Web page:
Using optical resonances to control heat generation and propagation in silicon nanostructures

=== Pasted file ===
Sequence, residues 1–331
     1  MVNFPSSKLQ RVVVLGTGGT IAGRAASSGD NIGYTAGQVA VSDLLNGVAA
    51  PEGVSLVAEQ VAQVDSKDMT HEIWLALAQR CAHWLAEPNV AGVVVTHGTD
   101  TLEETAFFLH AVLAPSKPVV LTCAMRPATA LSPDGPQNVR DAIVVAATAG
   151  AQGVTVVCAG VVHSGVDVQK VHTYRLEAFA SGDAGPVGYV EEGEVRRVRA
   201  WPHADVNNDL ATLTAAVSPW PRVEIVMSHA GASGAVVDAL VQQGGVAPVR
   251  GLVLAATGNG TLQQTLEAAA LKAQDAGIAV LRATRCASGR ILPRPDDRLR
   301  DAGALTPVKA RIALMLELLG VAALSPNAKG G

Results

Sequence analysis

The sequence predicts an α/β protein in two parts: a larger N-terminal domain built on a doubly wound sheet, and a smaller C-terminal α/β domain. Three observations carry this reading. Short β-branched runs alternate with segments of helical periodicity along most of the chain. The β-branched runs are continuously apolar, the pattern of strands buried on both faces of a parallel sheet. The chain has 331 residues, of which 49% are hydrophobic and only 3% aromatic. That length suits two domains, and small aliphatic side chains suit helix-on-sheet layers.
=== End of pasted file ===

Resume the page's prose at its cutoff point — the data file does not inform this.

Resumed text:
Integrated electronics, photonics and optoelectronics need full control of lattice reconstruction processes in silicon nanostructures at the nanoscale level. However, conventional thermal treatments do not meet the challenging requirements necessary for developing next-generation devices. Light can be a powerful tool to trigger and control opto-thermal effects in resonant nanostructures. Here we propose a new computational approach to light–matter interactions in silicon nanopillars, which simulates heat generation and propagation dynamics occurring in continuous wave laser processing over a wide temporal range (from 1 fs to about 25 hours). We demonstrate that a rational design of the nanostructure aspect ratio, type of substrate, laser irradiation time and wavelength enables amorphous-to-crystalline transformations to take place with a precise, sub-wavelength spatial localization. In particular, we show that visible light can be exploited to selectively crystallize the internal region of the pillars, which is not possible by conventional treatments. A detailed study on lattice crystallization and reconstruction dynamics reveals that local heating drives the formation of secondary antennas embedded into the pillars, highlighting the importance of taking into account the spatial and temporal evolution of the optical properties of the material under irradiation. This approach can be easily extended to many types of nanostructured materials and interfaces, offering a unique computational tool for many applications involving opto-thermal processes (fabrication, data storage, sensing, catalysis, resonant laser printing, opto-thermal therapy, etc.…).